The Art of the Possible (Score)

Okay, so I am addicted to watching videos of golf coaches coaching. This is because videos of archery coaches coaching are not available. In a recent viewing Golf Coach Hank Haney said that one can establish a “Coulda, Shoulda, Woulda” golf round score by subtracting all of the big mistakes (penalty strokes, two-chips/two-pitches, etc., and three putts). This provides you with a score that is closer to your potential that what the scorecard actually said.

This practice applies to archery score cards, also. Take a look at a typical score card. On a, say, ten point scoring face, there might be mostly 10s, 9s, 8s, and 7s, but an occasional “flier.” Take all of the sub-seven arrows scores and turn them into 7s (this being your “normal low scoring arrow”). So, if there was a three, add four points to make it a seven. If a five, add two; if a two add five. When you are done, you will end up with a score that is closer to your potential score than what the scorecard actually said.

The point being, if you can eliminate your mistakes (or reduce them to a very small number, 1-2 per round) you will be shooting that score or very close to it. I went through a similar process in my NFAA field archery days. Through one long summer, I shot many practice field rounds with the goal of elimination all target scores under 18. (This is a 5, 5, 4, 4 minimum on those targets.) I did not chug along on this rounds and mumble “no low scores” or no “17s” like the Little Engine That Could, I just focused on shooting good shots and when I failed to hit that score goal of 18/20 on a target, I disassembled that end in mental replay to try to figure out what went wrong. (In almost every case it was a breakdown in mental focus, if you wanted to know … my mind wanders ferociously … as if you couldn’t tell!) The idea is to eliminate low scoring shots, or “working from the bottom end.” This can be a very helpful approach when coupled with “working from the top end” which is working to shoot excellent shots over and over.

One of the things I noticed when doing those rounds was if I shot a couple of fours early, then I became very conscious of “trying” to shoot the remaining shots as fives. This is, of course, not conducive to shooting fives, but it educated me as to the feeling of “trying” when I just wanted to execute good shots. I started to learn to shake off that feeling and get into a clean shot process. I also saw that my “misses” became smaller and smaller as I practiced this way. A great many things can be learned from a stint of working from the bottom end upward.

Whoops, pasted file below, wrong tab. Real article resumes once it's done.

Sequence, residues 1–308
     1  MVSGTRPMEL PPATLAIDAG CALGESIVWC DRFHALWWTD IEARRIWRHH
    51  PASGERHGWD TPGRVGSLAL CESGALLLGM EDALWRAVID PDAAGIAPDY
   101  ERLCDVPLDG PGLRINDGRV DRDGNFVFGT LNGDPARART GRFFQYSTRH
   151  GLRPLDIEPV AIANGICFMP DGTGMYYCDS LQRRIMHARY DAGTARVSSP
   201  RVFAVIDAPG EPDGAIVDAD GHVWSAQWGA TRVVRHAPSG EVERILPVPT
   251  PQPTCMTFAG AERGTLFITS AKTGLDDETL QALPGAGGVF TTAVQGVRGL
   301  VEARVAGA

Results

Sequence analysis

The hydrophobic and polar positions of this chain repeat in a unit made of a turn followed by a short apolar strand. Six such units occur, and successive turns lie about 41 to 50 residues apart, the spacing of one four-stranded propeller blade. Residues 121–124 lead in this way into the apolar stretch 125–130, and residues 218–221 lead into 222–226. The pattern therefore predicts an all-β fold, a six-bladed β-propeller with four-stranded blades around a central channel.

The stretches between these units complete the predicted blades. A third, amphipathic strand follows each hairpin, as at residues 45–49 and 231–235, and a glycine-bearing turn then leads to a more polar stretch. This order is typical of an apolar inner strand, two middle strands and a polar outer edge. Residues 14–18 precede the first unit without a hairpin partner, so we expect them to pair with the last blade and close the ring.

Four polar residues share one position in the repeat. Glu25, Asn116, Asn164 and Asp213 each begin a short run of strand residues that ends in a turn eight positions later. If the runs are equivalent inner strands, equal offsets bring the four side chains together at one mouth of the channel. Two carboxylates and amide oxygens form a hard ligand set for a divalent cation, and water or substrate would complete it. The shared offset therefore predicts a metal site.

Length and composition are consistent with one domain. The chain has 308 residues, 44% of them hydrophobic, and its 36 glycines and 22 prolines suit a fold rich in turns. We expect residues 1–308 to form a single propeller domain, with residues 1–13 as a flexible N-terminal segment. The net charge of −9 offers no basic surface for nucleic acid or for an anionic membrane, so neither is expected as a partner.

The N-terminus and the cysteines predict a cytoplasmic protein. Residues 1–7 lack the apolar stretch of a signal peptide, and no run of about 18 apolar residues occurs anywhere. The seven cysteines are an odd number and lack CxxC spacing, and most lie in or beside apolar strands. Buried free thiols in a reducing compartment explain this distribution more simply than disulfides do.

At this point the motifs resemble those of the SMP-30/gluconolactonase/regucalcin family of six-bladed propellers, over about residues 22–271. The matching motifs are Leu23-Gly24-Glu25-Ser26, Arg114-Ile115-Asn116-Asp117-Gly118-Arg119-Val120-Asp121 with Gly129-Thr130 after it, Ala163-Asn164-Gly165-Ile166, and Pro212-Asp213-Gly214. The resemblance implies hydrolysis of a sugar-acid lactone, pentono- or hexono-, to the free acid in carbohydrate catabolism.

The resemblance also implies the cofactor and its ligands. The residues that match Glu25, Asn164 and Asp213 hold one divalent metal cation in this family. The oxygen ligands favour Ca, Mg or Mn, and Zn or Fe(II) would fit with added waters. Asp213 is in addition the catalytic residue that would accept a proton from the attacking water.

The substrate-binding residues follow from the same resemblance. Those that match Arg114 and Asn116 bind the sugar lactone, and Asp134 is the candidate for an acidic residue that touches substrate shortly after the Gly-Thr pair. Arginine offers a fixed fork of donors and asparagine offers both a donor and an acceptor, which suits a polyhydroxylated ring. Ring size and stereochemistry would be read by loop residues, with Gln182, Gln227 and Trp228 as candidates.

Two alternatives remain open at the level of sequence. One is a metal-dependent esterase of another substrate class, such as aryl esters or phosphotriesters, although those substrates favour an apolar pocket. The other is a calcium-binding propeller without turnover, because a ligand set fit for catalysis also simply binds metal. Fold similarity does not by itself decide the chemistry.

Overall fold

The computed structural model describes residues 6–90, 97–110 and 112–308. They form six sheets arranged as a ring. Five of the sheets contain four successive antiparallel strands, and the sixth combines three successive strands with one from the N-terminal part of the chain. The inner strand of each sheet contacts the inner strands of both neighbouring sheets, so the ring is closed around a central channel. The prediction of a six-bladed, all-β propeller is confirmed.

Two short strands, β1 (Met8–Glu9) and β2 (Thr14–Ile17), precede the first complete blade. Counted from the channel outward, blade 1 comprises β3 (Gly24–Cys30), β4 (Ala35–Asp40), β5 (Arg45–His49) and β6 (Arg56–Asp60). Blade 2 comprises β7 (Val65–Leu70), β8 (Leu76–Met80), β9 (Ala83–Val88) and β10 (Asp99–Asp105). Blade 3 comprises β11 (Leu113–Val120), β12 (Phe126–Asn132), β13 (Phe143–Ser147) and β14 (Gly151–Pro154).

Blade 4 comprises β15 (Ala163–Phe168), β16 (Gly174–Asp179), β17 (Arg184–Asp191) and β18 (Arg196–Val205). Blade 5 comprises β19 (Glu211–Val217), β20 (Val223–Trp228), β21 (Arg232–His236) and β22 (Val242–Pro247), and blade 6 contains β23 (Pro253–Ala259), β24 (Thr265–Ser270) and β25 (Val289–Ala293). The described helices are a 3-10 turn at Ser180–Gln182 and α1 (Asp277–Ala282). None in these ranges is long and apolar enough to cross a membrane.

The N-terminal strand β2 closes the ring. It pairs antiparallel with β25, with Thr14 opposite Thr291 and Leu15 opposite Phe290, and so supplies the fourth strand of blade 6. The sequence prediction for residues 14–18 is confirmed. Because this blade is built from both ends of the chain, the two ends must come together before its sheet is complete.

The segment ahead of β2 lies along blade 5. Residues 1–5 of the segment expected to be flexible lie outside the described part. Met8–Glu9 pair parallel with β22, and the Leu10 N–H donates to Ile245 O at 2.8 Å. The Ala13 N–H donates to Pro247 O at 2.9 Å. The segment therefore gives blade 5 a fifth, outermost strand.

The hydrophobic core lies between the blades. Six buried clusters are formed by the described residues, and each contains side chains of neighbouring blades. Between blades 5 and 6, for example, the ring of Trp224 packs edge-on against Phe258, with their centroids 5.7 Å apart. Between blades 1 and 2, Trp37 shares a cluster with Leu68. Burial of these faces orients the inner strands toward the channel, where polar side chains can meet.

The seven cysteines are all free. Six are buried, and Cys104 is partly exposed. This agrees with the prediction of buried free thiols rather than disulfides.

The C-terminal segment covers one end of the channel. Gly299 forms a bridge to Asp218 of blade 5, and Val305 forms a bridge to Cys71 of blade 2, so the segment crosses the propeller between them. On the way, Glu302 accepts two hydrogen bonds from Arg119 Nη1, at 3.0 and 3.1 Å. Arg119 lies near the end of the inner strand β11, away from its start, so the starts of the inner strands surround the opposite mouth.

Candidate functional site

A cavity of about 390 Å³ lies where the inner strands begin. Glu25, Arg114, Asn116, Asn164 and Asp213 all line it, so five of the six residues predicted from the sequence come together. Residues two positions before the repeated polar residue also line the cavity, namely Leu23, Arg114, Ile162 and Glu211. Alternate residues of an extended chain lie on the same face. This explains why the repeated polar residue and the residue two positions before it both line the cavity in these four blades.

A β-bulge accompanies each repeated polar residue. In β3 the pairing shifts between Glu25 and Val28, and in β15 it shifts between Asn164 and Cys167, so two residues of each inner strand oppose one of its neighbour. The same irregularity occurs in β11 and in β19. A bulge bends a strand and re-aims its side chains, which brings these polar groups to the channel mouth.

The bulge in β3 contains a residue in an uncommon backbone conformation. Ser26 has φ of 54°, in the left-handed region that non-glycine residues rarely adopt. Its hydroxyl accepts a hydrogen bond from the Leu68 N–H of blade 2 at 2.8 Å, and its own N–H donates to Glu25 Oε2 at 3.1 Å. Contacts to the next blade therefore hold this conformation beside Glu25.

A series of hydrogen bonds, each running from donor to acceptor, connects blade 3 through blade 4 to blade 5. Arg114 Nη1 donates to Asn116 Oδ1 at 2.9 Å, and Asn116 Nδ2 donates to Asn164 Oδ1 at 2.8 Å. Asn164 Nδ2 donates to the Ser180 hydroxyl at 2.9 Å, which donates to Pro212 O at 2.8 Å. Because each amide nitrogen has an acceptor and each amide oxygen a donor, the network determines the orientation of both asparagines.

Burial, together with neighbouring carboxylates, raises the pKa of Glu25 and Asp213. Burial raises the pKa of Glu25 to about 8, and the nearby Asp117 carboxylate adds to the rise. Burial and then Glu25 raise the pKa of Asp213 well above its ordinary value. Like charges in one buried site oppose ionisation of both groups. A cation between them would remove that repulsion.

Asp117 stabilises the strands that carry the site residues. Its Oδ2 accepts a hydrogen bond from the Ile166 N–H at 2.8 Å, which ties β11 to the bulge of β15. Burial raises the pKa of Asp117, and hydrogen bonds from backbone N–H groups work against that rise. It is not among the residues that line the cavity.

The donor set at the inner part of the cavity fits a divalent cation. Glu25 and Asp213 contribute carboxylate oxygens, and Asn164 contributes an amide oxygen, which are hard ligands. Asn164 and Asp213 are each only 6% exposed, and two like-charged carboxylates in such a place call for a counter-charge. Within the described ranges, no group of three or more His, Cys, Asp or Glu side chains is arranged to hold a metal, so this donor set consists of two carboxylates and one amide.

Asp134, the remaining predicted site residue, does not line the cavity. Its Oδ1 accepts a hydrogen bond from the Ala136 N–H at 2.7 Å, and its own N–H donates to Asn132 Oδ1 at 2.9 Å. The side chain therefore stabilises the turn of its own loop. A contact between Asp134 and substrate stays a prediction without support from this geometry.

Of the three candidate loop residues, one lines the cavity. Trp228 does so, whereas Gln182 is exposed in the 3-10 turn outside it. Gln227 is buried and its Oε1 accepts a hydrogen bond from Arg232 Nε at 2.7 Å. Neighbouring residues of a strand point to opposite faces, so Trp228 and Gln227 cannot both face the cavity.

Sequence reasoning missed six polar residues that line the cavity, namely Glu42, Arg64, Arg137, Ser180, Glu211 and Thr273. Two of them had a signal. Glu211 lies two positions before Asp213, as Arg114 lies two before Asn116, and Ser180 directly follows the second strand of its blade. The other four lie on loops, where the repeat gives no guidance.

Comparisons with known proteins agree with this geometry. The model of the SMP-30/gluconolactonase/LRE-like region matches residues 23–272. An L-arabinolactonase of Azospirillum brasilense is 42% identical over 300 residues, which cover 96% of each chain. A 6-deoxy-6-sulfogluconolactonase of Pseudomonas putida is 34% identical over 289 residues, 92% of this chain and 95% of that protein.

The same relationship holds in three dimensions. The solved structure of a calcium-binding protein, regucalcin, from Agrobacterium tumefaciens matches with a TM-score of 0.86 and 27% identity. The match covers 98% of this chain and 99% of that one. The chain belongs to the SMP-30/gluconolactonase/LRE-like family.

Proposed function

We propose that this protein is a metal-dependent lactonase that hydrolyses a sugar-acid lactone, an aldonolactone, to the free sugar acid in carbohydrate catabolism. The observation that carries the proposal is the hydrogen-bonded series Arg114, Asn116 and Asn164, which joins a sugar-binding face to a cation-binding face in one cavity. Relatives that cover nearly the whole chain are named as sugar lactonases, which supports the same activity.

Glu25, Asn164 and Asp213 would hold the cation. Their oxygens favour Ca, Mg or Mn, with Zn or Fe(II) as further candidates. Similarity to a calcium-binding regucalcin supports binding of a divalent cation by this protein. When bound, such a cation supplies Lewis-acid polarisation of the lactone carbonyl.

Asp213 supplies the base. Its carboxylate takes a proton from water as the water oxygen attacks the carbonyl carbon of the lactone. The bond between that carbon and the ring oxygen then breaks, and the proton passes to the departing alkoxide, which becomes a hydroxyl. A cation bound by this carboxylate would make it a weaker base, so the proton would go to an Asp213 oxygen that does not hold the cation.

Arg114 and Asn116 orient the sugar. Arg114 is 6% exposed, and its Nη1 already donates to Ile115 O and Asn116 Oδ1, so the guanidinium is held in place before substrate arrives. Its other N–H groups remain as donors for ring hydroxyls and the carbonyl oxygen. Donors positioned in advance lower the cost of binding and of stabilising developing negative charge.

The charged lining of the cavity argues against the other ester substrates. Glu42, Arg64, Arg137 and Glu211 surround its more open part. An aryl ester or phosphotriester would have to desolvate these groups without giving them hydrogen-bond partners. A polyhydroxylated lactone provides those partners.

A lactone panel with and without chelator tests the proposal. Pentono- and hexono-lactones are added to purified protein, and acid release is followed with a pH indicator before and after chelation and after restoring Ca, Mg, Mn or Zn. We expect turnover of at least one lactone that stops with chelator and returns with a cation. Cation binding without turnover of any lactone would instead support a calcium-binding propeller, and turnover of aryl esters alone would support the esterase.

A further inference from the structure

So, help your students see what is possible from where they are now. Too many are pessimistic about their scoring ability while too many others are overly optimistic. The optimistic ones need to see that even their “coulda, woulda, shoulda score” would not have won and the pessimists need to see where they would have placed had they shot their “coulda, woulda, shoulda score.”

Note This is my 279th post on this blog. That’s a whole lot of free advice! If you are grateful, think about buying one of my books (Steve Ruis on Amazon) or subscribing to Archery Focus magazine ( As you may know I am a retired schoolteacher, so I can use the money! :o)


Filed under For All Coaches

4 responses to “The Art of the Possible (Score)

  1. Tom Dorigatti

    Another wonderful post, Steve Ruis! So often, coaches and archers that do not have a coach set goals that are not attainable. They base their goal on a lofty goal based upon a perfect score instead of taking on the challenge by “eating one bite of the elephant at a time.”